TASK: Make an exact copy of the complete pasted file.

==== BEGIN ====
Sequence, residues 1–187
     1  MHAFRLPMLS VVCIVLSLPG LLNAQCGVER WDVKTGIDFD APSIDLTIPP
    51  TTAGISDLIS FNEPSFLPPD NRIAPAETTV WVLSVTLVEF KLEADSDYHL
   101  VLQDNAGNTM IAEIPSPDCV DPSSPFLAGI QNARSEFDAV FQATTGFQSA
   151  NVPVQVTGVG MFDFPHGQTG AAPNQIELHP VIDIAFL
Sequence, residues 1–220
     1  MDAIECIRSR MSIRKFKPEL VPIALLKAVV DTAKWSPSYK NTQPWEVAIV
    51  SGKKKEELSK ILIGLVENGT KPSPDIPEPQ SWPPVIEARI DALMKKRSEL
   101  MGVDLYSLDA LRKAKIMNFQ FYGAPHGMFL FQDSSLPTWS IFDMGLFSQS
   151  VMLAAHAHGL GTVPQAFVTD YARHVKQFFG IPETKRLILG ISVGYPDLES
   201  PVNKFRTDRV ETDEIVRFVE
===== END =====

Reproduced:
Sequence, residues 1–187
     1  MHAFRLPMLS VVCIVLSLPG LLNAQCGVER WDVKTGIDFD APSIDLTIPP
    51  TTAGISDLIS FNEPSFLPPD NRIAPAETTV WVLSVTLVEF KLEADSDYHL
   101  VLQDNAGNTM IAEIPSPDCV DPSSPFLAGI QNARSEFDAV FQATTGFQSA
   151  NVPVQVTGVG MFDFPHGQTG AAPNQIELHP VIDIAFL
Sequence, residues 1–220
     1  MDAIECIRSR MSIRKFKPEL VPIALLKAVV DTAKWSPSYK NTQPWEVAIV
    51  SGKKKEELSK ILIGLVENGT KPSPDIPEPQ SWPPVIEARI DALMKKRSEL
   101  MGVDLYSLDA LRKAKIMNFQ FYGAPHGMFL FQDSSLPTWS IFDMGLFSQS
   151  VMLAAHAHGL GTVPQAFVTD YARHVKQFFG IPETKRLILG ISVGYPDLES
   201  PVNKFRTDRV ETDEIVRFVE